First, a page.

New estimates suggest that deaths from cancer in the UK are projected to increase by more than 50% in the next 26 years. Experts from the International Agency for Research on Cancer (IARC) and the World Health Organization (WHO) have reported that there were 454,954 new cases of cancer in the UK in 2022, with projections indicating an expected rise to 624,582 by 2050. Additionally, the number of cancer-related deaths in Britain is anticipated to increase from 181,807 in 2022 to 279,004 by 2050, marking a 53% increase according to researchers.
The projected increase in cancer rates is attributed to the UK’s expanding and aging population. However, researchers emphasize the need for new policies addressing smoking, unhealthy diets, obesity, and alcohol consumption to mitigate the anticipated rise in cases. The study, which analyzed cancer data from 115 countries, predicts a global increase of 77%, from 20 million cases in 2022 to 35 million in 2050. Additionally, cancer-related deaths worldwide are expected to nearly double from 9.7 million to 18.5 million during the same period, according to the organizations’ estimates.
The IARC experts noted that the global population is projected to increase from 8 billion to nearly 10 billion in the next 26 years, significantly impacting the number of new cancer cases. Dr. Panagiota Mitrou, the director of research, policy, and innovation at the World Cancer Research Fund, emphasized that the new estimates highlight the growing burden of cancer in the future. She added that the failure of UK governments to prioritize prevention and address key cancer risk factors such as smoking, unhealthy diets, obesity, alcohol consumption, and physical inactivity has contributed to widening health inequalities.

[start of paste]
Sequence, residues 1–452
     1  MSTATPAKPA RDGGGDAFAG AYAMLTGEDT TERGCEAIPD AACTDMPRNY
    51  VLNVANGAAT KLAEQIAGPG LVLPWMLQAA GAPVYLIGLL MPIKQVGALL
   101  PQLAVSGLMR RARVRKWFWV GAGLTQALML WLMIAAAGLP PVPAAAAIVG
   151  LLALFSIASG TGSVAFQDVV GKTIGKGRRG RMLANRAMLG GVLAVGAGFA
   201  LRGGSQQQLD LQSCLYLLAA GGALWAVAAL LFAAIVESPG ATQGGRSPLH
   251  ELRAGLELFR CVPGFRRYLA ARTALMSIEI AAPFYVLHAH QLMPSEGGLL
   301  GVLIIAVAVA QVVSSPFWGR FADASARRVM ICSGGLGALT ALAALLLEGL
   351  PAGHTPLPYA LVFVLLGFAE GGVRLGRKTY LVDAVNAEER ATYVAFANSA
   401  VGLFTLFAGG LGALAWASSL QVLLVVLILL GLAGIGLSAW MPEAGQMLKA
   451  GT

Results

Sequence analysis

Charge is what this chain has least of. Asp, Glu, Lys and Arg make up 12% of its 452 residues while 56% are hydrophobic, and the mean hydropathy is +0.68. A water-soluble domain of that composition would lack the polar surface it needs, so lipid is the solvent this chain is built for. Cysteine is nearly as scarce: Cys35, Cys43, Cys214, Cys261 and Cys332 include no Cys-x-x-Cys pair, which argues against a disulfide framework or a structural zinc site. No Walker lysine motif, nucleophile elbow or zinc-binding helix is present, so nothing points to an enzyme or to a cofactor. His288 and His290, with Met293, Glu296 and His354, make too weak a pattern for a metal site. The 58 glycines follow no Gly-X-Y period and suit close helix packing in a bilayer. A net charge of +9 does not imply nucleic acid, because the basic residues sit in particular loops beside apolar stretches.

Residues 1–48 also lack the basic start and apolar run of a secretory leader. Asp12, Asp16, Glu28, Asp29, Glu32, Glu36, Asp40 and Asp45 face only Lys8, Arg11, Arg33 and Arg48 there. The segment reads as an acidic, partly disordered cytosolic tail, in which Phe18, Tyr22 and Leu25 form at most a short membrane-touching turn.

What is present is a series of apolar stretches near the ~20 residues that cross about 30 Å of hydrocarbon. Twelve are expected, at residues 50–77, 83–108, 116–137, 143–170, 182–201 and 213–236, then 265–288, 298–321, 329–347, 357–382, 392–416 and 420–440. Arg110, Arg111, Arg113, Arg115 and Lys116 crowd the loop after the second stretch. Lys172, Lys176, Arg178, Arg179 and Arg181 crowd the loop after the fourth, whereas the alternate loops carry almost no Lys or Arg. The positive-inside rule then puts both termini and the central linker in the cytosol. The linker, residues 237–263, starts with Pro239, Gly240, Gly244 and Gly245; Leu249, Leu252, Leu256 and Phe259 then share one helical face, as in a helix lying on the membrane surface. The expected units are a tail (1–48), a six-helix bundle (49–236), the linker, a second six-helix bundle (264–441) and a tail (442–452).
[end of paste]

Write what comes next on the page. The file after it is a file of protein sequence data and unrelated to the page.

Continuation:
Dr. Mitrou emphasized that approximately 40% of cancer cases can be prevented. She stressed the importance of implementing policies aimed at promoting healthier lifestyles and prioritizing a national cancer plan to address this issue. According to the organizations, breast cancer is the most frequently diagnosed cancer in women in the UK, while prostate cancer is the most commonly diagnosed among men. Lung and bowel cancer are also prevalent among both men and women.
The WHO and the IARC issued a warning on Thursday as the NHS grapples with deteriorating waiting times for cancer diagnosis and treatment. According to the latest data released by the NHS in January, the number of patients waiting more than two months for their initial cancer appointment after an urgent referral has risen to 6,817, compared to 1,704 patients in 2015.